the contents of poem1.txt with numbered lines in the terminal window

Do not number empty lines

We managed to number the lines with cat but empty lines between verses are also counted. To have text line numbering but ignore empty lines, use the option -b (number-nonblank).

  cat -b poem1.txt 

cat -b poem1.txt in terminal window

Now text lines are numbered and blank lines are skipped.

numbered lines are skipped;  l;  ines in a terminal window

Don’t show multiple blank lines

If the file has sections of consecutive empty lines, we can ask cat ignore all but one empty line. Look at this file.

file contents with consecutive blank lines in a terminal window

The following command will force cat display only one empty line from each group of empty lines. The option we need for this is the option -s (squeeze-blank).

  cat -s poem1.txt 

cat -b poem1.txt in terminal window

This does not affect the contents of the file in any way; it only changes the way cat displays the file.

Multiple blank lines ignored in terminal window

Tab display

If you want to know if spaces are caused by spaces or tabs, you can find out using the option -T (show-tabs).

  cat -T poem1.txt 

cat -T poem1.txt in terminal widow

Tabs are represented by the symbols «^I».

contents ofpoem1.txt with tabs displayed in terminal window

Line end display

You can check for spaces using the option -E (show-end).

  кот -E poem1.txt 

cat -T poem1.txt in terminal window

Line ends are represented by the «$» symbol.

the content of poem1.txt with line endings is displayed in the terminal window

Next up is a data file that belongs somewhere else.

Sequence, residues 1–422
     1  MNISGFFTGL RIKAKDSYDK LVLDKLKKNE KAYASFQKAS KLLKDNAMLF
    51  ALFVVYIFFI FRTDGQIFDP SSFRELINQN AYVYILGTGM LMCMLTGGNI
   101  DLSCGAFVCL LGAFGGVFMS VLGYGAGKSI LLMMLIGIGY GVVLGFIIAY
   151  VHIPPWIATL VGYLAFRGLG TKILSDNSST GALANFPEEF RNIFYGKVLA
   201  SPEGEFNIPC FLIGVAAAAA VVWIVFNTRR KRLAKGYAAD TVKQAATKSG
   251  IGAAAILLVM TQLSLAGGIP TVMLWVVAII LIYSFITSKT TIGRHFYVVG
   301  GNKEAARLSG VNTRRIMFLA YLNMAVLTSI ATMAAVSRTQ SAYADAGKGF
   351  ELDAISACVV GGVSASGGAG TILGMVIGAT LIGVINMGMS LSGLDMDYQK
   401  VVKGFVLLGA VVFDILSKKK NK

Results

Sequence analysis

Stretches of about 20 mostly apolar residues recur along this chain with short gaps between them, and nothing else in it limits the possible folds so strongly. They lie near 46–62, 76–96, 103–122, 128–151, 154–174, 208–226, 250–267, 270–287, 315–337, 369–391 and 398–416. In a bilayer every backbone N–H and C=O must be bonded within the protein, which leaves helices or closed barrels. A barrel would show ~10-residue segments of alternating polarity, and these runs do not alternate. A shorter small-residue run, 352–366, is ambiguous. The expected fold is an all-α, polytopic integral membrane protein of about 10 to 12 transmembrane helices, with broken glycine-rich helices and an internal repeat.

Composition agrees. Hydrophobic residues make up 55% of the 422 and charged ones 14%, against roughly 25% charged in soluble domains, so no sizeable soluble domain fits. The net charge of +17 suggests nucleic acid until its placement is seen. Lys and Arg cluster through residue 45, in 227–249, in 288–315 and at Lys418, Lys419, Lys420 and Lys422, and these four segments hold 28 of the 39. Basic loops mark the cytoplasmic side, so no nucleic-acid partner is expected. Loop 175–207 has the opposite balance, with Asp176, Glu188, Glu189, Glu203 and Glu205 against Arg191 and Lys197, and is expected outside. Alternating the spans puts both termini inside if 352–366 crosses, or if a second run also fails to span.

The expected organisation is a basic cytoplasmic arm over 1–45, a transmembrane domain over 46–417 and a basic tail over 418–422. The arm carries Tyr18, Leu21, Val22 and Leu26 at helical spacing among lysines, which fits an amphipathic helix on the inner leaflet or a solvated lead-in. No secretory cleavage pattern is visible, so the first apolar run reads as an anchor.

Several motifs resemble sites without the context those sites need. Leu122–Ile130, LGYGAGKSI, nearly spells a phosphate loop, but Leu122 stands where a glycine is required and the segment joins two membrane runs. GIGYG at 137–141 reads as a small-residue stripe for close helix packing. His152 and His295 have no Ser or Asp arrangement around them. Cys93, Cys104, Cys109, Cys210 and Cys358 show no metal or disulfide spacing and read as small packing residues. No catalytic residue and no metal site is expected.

Combining files

It does not make sense to save the poem in two files, one half in each. Let’s merge them together and create a new file with the entire poem.

  cat poem1.txt poem2.txt> jabberwocky.txt 

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Our new file contains the contents of two other files.

contents of jabberwocky.tx in terminal window

Adding text to an existing file

It’s better, but it’s not really the whole poem. The last verse is missing. The last verse in Jabberwocky is the same as the first verse.

If we have the first verse in the file, we can add it to the end of the jabberwocky.txt file and we have the complete verse.

In this next command we have to use >> not just > . If we use one > we overwrite jabberwocky.txt. We don’t want to do this. We want add text to the end.

  cat first_verse.txt >> jabberwocky.txt 

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And finally, all parts of the poem together.

contents of jabberwocky.txt in terminal window

Redirecting standard input

You can redirect keyboard input to a file using cat . Whatever you type is redirected to a file until you press Ctrl+D. Please note that we are using single > because we want to create the file (or overwrite it if it exists).

  cat> my_poem.txt